It just makes no sense


#1

I started this topic in the sacraments section, but since this is a busy spot, I thought I’d post here too. Hope that is okay. I really need help with this.

It just makes no sense.
[list]
*]2 married non-Christians are not fornicating, married by the State
*]2 married Protestants are not fornicating married in a Christian Church
*]1 Catholic and 1 Protestant are fornicating if not married with/by a Priest, but in a Christian church.
[/list]It is part of this issue that is keeping me from reverting and my husband offended that his Church wasn’t “good enough”. It makes me very sad.


#2

I’m not up on why Protestant/Catholics marriages aren’t licit in the Church except because it isn’t a sacramental union.

The Church doesn’t expect non-Catholics to come to the Church for a sacracmental exchanging of vows, but it does expect Catholics who marry non-Catholics to have a dispensation and a priest or deacon there to witness the couple’s vows, so making the vows sacramental in the eyes of the Church.

All you need do it talk to your local priest to get the ball rolling for a dispensation and to arrange to have him or a deacon present for an exchange of your wedding vows.


#3

[quote=gracelife]I started this topic in the sacraments section, but since this is a busy spot, I thought I’d post here too. Hope that is okay. I really need help with this.

It just makes no sense.
[list]
*]2 married non-Christians are not fornicating, married by the State
*]2 married Protestants are not fornicating married in a Christian Church
*]
[/quote]

[/list]Objectively, they are fornicating. However only God can judge whether or not they are invincibly ignorant to the truth that sacramental marriage is necessary.


#4

[quote=gracelife]I started this topic in the sacraments section, but since this is a busy spot, I thought I’d post here too. Hope that is okay. I really need help with this.

It just makes no sense.
[list]
*]2 married non-Christians are not fornicating, married by the State
*]2 married Protestants are not fornicating married in a Christian Church
*]1 Catholic and 1 Protestant are fornicating if not married with/by a Priest, but in a Christian church.
[/list]It is part of this issue that is keeping me from reverting and my husband offended that his Church wasn’t “good enough”. It makes me very sad.
[/quote]

If the Catholic elected to marry outside the Church without obtaining the appropriate waiver, he defected from the discipline of the Church and has disparaged the Sacrament of Holy Matrimony.

My spouse was just such a Catholic, and when told we would have to re-marry, nearly blew a gasket. To me, it was clear as gin. But then, we converts have a bias toward seeing things through the eyes of the Church.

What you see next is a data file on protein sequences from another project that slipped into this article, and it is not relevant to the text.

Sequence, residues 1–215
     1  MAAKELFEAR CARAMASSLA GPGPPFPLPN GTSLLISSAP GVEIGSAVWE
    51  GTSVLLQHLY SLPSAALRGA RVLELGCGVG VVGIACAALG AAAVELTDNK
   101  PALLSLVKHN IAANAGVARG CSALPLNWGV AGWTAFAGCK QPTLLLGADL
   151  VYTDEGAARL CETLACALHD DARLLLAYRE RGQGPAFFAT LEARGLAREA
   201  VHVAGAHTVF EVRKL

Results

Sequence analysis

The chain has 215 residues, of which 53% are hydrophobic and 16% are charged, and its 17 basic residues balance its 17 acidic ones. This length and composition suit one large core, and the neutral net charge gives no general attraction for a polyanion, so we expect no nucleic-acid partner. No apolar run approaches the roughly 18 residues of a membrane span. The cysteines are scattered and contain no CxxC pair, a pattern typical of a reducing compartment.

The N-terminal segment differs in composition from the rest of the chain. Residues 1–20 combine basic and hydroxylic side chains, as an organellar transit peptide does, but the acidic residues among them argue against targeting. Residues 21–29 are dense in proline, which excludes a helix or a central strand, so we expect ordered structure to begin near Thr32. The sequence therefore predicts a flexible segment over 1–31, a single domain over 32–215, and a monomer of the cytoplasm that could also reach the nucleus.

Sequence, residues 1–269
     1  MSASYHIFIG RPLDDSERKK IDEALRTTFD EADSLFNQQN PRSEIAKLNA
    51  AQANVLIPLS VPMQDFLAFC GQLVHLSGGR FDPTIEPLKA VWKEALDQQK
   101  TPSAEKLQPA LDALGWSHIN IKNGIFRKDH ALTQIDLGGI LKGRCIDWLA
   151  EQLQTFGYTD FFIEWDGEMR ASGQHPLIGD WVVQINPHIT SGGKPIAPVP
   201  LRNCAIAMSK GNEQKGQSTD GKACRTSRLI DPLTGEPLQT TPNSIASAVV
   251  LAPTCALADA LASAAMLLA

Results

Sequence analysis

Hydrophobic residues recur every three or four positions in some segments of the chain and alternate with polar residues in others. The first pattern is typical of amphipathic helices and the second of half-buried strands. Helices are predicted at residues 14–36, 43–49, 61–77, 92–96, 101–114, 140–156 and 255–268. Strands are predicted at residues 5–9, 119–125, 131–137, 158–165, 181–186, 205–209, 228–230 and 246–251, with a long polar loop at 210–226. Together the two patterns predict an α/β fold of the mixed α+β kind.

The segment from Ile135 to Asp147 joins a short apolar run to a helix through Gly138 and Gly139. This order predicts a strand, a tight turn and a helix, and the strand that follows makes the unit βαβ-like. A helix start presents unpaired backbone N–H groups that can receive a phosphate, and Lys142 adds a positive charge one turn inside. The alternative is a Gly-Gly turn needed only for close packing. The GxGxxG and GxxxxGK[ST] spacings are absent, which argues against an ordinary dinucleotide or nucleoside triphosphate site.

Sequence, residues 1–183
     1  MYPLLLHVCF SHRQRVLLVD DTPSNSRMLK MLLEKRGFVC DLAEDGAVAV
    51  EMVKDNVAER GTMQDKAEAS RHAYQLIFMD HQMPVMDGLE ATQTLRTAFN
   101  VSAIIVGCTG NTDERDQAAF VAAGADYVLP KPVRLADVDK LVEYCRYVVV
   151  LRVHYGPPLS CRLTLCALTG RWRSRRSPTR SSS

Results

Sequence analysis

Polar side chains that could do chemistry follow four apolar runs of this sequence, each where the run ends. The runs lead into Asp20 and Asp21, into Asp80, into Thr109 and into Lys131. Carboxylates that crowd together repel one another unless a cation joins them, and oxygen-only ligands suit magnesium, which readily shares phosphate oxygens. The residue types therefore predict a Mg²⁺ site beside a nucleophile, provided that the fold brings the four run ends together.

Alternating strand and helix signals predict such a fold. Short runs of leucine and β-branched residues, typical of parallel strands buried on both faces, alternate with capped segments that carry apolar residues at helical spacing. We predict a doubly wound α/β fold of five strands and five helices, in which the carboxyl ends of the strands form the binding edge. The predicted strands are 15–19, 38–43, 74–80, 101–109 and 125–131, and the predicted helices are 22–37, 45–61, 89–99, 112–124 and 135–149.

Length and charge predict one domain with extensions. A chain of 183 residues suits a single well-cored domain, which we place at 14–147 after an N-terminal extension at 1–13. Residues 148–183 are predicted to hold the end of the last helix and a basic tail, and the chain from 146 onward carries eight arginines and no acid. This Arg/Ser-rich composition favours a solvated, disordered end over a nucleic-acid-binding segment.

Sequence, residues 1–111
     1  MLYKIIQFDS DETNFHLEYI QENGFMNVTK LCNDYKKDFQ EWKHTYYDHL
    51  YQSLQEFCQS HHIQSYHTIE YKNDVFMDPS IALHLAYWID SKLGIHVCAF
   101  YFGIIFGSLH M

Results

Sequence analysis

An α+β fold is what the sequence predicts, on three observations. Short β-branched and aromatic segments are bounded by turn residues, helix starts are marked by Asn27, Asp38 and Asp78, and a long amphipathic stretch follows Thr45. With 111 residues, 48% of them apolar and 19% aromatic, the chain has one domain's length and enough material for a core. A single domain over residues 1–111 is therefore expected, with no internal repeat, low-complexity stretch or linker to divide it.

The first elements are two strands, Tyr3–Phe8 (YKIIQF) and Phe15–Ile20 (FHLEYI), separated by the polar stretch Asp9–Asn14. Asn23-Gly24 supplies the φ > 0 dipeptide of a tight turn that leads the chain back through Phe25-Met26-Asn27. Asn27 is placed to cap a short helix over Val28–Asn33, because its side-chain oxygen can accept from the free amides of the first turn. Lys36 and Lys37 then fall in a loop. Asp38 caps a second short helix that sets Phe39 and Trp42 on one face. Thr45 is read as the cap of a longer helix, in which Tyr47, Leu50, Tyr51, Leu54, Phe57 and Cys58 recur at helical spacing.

#5

2 married non-Christians are not fornicating, married by the State
2 married Protestants are not fornicating married in a Christian Church

Does the RC Catechism address this directly or is that an opinion?


#6

Because the Catholic should know better.

To whom much is given, much will be expected.


#7

[quote=gracelife]2 married non-Christians are not fornicating, married by the State
2 married Protestants are not fornicating married in a Christian Church

Does the RC Catechism address this directly or is that an opinion?
[/quote]

The Cathechism would say that sex outside marriage is fornication and that marriage is a sacrament.

It’s similar to the unbaptized that don’t know baptism is necessary. They may still be saved.


#8

[quote=Trelow]Because the Catholic should know better.

To whom much is given, much will be expected.
[/quote]

In this case 15 years ago, the Catholic did not know better.
(Thanks to poor 70-80’s catechesis.) Now thanks to Catholic Answers and Relevant Radio, this Protestant sees the Catholic view and wonders, what now!?


#9

Why does the Catholic church accept the Trinitarian baptism in another Christian church (one baptism, I understand), but not the marriage which was performed in a Christian church?

Why one sacrament and not the other?


#10

Its the committment between the couple and God that matters. Protestants view their weddings AND RC weddings with equal validity.


#11

You guys need to ask Father Serpa about this because I think you are incorrect.

I believe that trinitarian marriage outside the Catholic faith is considered a valid marriage - my husband had been married before as a Congregationalist. We were required to apply for an annulment of that marriage before we could receive the sacrament from the Catholic Church. That indicates to me that the Church regards it as valid.

This is a subject that can be very confusing. It’s covered in Canon Law but you know what? I need to have someone trained in that to guide me. I got married back in 1987 and my parish priest guided us in this endeavor.

I have to tell you my personal opinion on this: don’t laugh! I think the state/government should stay the heck out of marriage all together. I think the United States should adopt the same kind of system practiced in France (unless that has changed). If you want to get “married” you go to your church and you get “married”. If you want to REGISTER that marriage as a civil union you go to the government and do so.